With words like justice, security, healthy and sustainable increasingly attached to food in America, two Omaha filmmakers with an undisguised POV have plugged into the sustainable edibles culture with a new documentary.
In Growing Cities urban agriculture advocates Dan Susman and Andrew Monbouquette present farming operations around the nation as smart remedies to inner city food deserts. The doc's. 7 p.m. Film Streams screening on Oct. 29 will be followed by a Q&A with the creators.
Writer-director Susman, cinematographer Monbouquette and production manager Brent Lubbert logged 13,500 miles in a Dodge Caravan van on a three-month road trip to 20 cities in 2011. They searched out the best, biggest, most innovative urban agriculture models and found farmers not just in trippy spots but everywhere and farming everything from front and backyards to lots to rooftops to windows.
The quest was fueled by their disenchantment with scant local urban farming initiatives, though they acknowledge great strides have been made through No More Empty Pots and Big Muddy Farms, for example. The pair run their own mobile program, Truck Farm, that intros youth to growing things.
The urban ag movement has emerged in response to an industrialized food system that leaves consumers disconnected from the sources of what they eat and therefore reliant on processed, pre-packaged products.
Studies show a lack of ready access to fresh, organic foods may contribute to such health problems as obesity, diabetes, heart disease and hypertension.
Susman's advocate-activist efforts got their start at Dartmouth College. The environmental studies major led a large outing club program, waged a sit-in at the president's office and helped develop a Sustainable Living Center. He also co-directed a short film about the development of some pristine land.
The filmmakers obtained grants from Dartmouth to fund the Growing Cities road trip and raised $40,000-plus during a 2012 Kickstarter campaign. They've since found support among the same urban ag community they tout. Back home, they served as resident fellows at the Union for Contemporary Art and got free studio space there and at the Image Arts Building, whose owner, Dana Altman, became a producer.
The Central High grads lionize grassroots, community-based efforts that support natural, local food production.
Susman, a vegetarian who has a garden and chickens in his midtown backyard, feels they've caught a trend.
"What we tapped into is this intense support and desire by people to get involved. We made the film at the right time when I consider this wave because I know it's only getting bigger," he says.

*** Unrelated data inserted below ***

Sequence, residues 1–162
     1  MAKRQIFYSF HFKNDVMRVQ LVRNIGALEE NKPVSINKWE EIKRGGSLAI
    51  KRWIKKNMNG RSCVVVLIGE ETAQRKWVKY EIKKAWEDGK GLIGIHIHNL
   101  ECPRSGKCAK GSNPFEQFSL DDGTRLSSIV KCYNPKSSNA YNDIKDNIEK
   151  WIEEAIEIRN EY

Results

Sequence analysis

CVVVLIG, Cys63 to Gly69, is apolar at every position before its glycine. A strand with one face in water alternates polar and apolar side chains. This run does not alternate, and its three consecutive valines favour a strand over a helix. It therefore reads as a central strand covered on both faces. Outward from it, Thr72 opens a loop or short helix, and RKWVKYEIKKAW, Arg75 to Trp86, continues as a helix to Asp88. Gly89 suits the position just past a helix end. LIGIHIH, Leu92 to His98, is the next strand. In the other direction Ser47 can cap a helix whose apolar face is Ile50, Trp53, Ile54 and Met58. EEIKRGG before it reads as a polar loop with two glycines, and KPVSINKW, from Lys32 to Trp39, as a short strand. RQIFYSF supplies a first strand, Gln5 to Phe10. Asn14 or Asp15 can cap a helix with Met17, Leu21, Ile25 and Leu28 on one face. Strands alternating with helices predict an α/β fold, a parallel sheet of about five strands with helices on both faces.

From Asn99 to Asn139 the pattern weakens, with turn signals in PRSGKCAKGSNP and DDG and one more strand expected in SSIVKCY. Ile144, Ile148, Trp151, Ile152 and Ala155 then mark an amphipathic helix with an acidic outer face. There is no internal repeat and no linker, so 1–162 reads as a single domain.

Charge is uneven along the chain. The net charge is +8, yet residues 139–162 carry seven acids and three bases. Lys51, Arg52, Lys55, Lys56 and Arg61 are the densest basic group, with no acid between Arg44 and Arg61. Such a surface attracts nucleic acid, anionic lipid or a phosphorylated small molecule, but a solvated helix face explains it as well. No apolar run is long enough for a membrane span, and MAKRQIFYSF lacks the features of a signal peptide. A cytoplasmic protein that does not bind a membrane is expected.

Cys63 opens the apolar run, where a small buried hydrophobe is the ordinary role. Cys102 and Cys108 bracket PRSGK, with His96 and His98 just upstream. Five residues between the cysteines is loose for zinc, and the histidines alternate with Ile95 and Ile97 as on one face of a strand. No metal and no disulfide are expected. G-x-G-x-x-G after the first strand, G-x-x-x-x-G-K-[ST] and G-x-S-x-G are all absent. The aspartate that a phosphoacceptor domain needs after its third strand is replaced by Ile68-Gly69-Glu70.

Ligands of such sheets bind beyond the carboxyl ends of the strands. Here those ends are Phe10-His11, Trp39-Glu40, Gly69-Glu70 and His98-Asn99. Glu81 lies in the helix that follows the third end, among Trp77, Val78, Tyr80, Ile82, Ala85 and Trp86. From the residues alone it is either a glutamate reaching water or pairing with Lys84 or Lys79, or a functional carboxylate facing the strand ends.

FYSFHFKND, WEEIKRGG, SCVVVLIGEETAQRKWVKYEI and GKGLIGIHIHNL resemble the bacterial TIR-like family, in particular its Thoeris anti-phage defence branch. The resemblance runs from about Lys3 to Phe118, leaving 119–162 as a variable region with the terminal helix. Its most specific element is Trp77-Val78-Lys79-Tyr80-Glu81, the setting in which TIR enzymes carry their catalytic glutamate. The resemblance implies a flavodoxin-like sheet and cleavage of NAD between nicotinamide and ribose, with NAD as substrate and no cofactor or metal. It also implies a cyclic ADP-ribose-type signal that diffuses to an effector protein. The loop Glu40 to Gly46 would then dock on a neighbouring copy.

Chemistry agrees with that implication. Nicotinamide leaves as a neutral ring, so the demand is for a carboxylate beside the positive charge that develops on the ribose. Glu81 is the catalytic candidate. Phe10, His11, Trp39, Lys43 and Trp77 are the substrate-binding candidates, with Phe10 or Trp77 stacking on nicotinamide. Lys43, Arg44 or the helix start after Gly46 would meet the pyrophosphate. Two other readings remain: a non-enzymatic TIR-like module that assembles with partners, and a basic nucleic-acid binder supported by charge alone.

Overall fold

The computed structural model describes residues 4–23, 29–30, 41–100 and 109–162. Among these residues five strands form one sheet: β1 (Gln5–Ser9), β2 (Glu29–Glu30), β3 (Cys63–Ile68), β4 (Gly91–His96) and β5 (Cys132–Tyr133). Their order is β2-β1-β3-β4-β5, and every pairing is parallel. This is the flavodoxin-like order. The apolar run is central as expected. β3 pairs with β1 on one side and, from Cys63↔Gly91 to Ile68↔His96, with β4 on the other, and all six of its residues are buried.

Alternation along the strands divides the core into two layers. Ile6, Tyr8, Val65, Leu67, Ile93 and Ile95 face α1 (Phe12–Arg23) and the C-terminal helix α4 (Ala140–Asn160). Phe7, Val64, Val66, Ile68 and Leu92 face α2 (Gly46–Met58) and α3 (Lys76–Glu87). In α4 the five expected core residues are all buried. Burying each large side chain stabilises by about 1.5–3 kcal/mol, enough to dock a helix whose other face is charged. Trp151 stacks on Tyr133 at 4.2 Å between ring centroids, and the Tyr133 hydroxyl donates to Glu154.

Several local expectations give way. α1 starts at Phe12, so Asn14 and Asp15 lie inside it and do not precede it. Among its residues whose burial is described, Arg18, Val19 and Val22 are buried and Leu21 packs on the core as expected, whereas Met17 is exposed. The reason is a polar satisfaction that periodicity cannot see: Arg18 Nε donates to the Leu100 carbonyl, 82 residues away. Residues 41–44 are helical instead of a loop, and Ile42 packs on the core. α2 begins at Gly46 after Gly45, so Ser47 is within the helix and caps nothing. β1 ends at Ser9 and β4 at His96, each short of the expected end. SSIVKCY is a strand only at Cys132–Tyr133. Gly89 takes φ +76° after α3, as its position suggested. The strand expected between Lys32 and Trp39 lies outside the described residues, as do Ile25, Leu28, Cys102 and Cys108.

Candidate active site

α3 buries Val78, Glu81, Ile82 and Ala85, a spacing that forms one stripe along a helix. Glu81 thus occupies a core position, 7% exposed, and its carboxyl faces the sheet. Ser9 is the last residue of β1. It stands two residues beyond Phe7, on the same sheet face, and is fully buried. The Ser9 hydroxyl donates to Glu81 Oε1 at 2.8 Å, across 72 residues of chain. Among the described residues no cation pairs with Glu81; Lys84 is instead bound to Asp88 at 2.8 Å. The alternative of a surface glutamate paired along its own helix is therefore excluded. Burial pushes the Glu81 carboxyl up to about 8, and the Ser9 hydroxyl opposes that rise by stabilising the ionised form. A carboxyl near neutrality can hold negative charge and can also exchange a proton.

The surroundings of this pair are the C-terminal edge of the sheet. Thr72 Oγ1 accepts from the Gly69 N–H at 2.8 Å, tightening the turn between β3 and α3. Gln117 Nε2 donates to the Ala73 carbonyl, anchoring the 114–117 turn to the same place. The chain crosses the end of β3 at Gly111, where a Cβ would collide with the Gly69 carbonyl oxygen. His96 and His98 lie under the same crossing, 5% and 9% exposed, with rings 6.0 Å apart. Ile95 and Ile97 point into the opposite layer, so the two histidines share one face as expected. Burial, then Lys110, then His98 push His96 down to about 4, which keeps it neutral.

"There's so many different ways to get involved. You don't have to be a farmer. You can grow a little bit. If you don't like growing maybe you can cook or preserve or can. Or maybe volunteer at the local food bank. Eighty percent of our country lives in cities, so we have this huge population that could be doing this."
The filmmakers contend there's great interest in urban farming and that it can be practiced at some level by anyone, anywhere.
"There's a lot of people who have never worked with a sustainable organization or who have never farmed but they're super excited about it," says Monbouquette. "It's something everybody can do. The biggest thing for us is encouraging people to grow a little bit of something."
"Grow where you are" is the mantra they've adopted.
Monbouquette says, "I think our biggest goal was we wanted to inspire people to do something."
He says warm receptions to the film at festivals indicate its message resonates widely. Susman says millennials are just as likely to recognize "it's cool, fun, exciting and rewarding to grow your own food" as older folks.
Monbouquette suggests urban farming will scale up in direct proportion to the number of people who participate in it and the amount of resources devoted to it. He suggests the real question is, "How far can we really take all this positive energy around urban farming and solidify it in our culture and just make it one of the things that we do, so it's not just for hippies and hipsters?"
"Nobody's saying we're going to grow everything we can ever eat in cities. We can grow a lot of things there though," says Susman.
Urban farming has been popular in earlier eras before fading away.
"The closest thing we have to compare it to is the Victory Garden movement (of World War II).," says Monbouquette. "The statistics from that are astounding. Urban farmers were growing 40 percent of the fruits and vegetables consumed." Will the phenomenon last this time? "It just needs people to embrace and try it," he says, adding government could do more to promote it by offering incentives to property owners to enter land use agreements that transform vacant lots into gardens.
Susman says some cities go so far as to have urban ag directors.
Rather than take a critical approach about "how screwed up everything is with E.coli or Mad Cow or industrial farming," Susman says the film is "a really positive" spin on what we can all do to make our communities healthier and more inclusive.
Monbouquette says he became a convert to the cause by working on the film.
"The food and social justice issues really stuck a chord with me. Growing food is such a simple act but it can transform into this hugely motivational, inspiring, positive, productive thing in communities that really need it. You know, everyone has to eat and I subscribe to the view that we're all in this together."
For tickets, visit www.filmstreams.org.
Read more of Leo Adam Biga's work at leoadambiga.wordpress.com.